Let’s be clear: The Energy Department’s proposed rulemaking before the Federal Energy Regulatory Commission to subsidize power plants with on-site fuel is the antithesis of economic conservatism. The anti-competitive DOE proposal is a recipe to stick consumers with billions in added costs without addressing priority electric reliability and resiliency concerns.

The proposal calls for draconian, emergency subsidies to address a crisis that grid reliability experts say doesn’t exist. The alarmist proposal is neither technically nor procedurally sound.

Knowledgeable, principled conservatives are speaking out. Travis Kavulla, the Republican vice chairman for the utility regulator of Montana, calledthe DOE’s proposal a “command and control” system that “will be predetermining through industrial policy who stays in the market and who goes out.” Similarly, former Republican FERC Commissioner Tony Clark said applying the proposal’s basic tenets could threaten market operations. Current FERC Commissioner, Republican Robert Powelson, demonstrated leadership amid an anxious energy industry by reassuring concerned parties that he “did not sign up to go blow up the markets.”

Pat Wood, the former FERC chairman appointed by President George W. Bush, called the action “profoundly disappointing” as Energy Secretary Rick Perry previously oversaw the best competitive electricity market in the country. Wood serves as the chairman of Dynegy, who’s power fleet would actually benefit from the rule, but still felt compelled to call the proposal an unwelcome present.

Shockingly, the DOE proposal cites the DOE’s well-reasoned staff reportreleased a month prior, then directly contradicts its recommendations. Alison Silverstein, who drafted the technical portions of the report, called the proposal “dreadful” with “immense cost implications” without obvious benefits.

Clearly, the proposal did not originate with technical staff at DOE. This is a political monster.

The Trump administration is right to be concerned with heavy regulatory burdens on coal and nuclear and subsidies for competing power sources. But counter-distorting subsidies is not the answer. Bill Peacock of the conservative Texas Public Policy Foundation sees the proposal leading to more subsidies, when the correct response is to eliminate subsidies and reduce regulatory burdens.

The proposal, done in the name of promoting grid reliability, resiliency, and security, is a wolf in sheep’s clothing. It cites the 2014 Polar Vortex as the poster child for needing to protect “fuel secure” generation. However, the majority of power plant outages during the event had nothing to do with fuel shortages, but rather plants with fuel access experienced equipment failures from extreme weather. Some coal plants couldn’t transport on-site fuel to their boilers because conveyor belts broke and coal stockpiles froze.

“Fuel security” is not synonymous with “on-site” fuel storage. We should be looking at all the causes of power plant outages instead of keying in on one specific method to address one specific sub-type of outage.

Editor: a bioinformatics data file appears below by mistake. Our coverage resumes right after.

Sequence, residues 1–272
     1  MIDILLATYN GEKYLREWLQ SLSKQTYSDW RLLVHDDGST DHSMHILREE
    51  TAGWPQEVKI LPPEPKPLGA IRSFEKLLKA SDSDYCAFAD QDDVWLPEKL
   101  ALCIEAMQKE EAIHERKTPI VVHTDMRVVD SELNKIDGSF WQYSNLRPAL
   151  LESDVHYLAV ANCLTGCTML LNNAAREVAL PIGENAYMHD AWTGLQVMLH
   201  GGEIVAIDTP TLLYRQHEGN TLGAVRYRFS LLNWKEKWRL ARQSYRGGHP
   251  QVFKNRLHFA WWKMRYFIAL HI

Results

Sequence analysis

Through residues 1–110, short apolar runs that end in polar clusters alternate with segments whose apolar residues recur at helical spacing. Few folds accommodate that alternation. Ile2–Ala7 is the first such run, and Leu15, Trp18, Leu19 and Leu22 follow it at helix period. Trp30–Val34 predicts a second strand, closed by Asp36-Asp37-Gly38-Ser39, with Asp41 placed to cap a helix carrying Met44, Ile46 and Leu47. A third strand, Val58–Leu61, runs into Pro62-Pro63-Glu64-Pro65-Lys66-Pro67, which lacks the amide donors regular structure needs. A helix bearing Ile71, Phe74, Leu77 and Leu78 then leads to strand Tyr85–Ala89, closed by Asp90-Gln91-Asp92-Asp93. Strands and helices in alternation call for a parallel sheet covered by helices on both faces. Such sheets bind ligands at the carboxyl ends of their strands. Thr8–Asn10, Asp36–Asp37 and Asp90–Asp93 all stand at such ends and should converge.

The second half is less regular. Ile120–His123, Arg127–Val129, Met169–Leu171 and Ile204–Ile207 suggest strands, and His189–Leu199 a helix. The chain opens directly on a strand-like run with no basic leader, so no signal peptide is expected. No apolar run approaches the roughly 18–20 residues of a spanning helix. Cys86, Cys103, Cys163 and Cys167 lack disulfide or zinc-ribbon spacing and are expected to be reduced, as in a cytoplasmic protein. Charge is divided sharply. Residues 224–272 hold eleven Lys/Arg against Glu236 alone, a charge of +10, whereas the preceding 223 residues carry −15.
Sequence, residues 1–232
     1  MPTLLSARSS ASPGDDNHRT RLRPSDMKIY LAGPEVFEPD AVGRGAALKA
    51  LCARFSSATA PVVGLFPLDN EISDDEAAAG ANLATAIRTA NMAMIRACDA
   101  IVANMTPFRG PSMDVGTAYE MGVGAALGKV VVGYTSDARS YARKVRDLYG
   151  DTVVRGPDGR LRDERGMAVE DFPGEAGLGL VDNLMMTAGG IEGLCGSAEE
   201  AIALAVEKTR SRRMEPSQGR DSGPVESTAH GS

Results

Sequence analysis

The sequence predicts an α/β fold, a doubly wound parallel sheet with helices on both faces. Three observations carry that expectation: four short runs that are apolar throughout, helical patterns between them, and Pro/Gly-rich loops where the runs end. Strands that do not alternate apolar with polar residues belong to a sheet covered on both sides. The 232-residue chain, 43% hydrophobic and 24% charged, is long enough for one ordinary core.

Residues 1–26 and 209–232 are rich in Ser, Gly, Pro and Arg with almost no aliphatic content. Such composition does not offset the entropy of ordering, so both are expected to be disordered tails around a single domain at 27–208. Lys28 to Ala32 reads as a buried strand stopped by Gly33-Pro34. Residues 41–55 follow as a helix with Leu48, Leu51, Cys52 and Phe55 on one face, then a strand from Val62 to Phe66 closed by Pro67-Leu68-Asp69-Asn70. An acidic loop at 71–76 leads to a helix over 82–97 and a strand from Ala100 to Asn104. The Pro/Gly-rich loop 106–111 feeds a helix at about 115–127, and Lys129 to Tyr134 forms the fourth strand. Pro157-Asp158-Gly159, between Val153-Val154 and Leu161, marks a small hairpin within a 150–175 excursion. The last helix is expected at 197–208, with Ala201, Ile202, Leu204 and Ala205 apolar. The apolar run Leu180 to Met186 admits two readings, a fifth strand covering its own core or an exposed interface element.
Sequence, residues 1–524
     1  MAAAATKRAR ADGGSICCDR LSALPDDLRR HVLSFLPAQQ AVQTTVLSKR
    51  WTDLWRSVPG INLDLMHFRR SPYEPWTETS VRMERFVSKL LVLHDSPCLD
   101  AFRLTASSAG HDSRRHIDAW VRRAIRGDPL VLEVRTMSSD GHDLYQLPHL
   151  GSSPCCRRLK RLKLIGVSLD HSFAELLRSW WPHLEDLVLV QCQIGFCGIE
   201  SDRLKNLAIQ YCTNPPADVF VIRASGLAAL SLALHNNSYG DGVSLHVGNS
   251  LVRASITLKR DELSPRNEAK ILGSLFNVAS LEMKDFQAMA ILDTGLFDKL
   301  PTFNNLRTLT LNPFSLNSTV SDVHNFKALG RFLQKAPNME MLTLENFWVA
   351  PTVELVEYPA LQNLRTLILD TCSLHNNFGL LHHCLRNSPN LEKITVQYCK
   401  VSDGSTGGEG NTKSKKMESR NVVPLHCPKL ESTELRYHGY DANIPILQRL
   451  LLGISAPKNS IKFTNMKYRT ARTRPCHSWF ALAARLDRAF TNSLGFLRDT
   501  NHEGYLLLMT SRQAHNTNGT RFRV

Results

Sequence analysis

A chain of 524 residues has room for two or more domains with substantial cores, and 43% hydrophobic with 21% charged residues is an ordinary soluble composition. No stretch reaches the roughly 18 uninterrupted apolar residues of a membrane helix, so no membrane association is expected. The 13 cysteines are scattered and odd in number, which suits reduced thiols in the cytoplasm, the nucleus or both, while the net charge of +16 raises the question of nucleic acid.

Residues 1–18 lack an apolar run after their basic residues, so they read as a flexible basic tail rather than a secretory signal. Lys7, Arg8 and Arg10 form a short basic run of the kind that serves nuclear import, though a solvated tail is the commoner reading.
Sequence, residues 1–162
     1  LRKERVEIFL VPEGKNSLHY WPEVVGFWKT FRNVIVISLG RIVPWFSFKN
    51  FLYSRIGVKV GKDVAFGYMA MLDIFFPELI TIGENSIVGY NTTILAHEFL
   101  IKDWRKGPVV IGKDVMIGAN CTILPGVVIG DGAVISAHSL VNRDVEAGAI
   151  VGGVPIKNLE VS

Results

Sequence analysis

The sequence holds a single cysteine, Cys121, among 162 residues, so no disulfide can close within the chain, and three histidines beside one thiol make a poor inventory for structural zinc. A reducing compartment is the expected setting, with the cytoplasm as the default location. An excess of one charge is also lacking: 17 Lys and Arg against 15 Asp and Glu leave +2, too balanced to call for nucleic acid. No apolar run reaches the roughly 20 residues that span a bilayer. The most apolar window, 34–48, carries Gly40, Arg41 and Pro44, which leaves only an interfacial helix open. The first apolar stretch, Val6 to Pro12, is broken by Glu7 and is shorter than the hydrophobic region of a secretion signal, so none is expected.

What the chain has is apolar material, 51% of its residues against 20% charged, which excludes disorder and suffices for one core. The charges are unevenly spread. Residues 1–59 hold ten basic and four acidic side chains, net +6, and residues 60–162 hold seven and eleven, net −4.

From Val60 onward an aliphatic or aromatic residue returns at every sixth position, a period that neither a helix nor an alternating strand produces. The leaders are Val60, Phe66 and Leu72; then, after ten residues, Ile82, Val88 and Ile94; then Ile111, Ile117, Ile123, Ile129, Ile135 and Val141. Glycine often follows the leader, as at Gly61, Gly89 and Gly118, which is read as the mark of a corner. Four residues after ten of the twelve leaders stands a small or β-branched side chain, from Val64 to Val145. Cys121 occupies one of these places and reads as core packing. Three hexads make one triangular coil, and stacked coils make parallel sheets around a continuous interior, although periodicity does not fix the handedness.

Dozens of issues cause power plant outages, and government cannot prescribe remedies efficiently. FERC should ensure proper incentives exist so that the fleet of power plants performs reliably, whereby the private sector decides which costs to incur to improve the performance of their plants. This fuel- and technology-neutral approach minimizes the costs to achieve a reliable and resilient grid.

An approach to grid reliability and resiliency must improve markets and empower customers, rather than cater to the exaggerated or false narratives of parochial interests. Unprofitable industries like to play the national security card with conservatives that, unfortunately, often trumps their commitment to markets. It’s no surprise that the on-site fuel initiative happens to benefit two industries that have a difficult time competing in today’s market conditions.

Market forces have predominantly caused coal and nuclear retirements. Competition has induced innovation and the entry of new, low-cost resources. As Silverstein notes, “competition worked as intended, driving inefficient, high-cost generation out of the market.” This propelled competitive markets to outperform the regulated monopoly model.

The grid is in transition, not crisis. Problems could emerge if we don’t continue with thoughtful incentive-based reforms. In the meantime, the worst course of action is to act impulsively and impose a government-induced crisis.

The DOE proposal undermines conservative principles, but the conversation it launched may propel productive action. Conservatives need to pull some “electrical judo” to redirect political momentum in a constructive manner.

Tremendous opportunity exists to advance proper reliability and resiliency reforms. The recommendations in the DOE technical report are a great start. Silverstein laid out additional ideas to strengthen markets. The R Street Institute delineated a pathway for new FERC leadership to reform rules affecting electricity price formation.

If “energy dominance” means a muscular, expansive role for government, we’re in big trouble. If it means liberating market participants to compete on their merits, then we’re on a path to drain the swamp.

Image by Christopher Halloran

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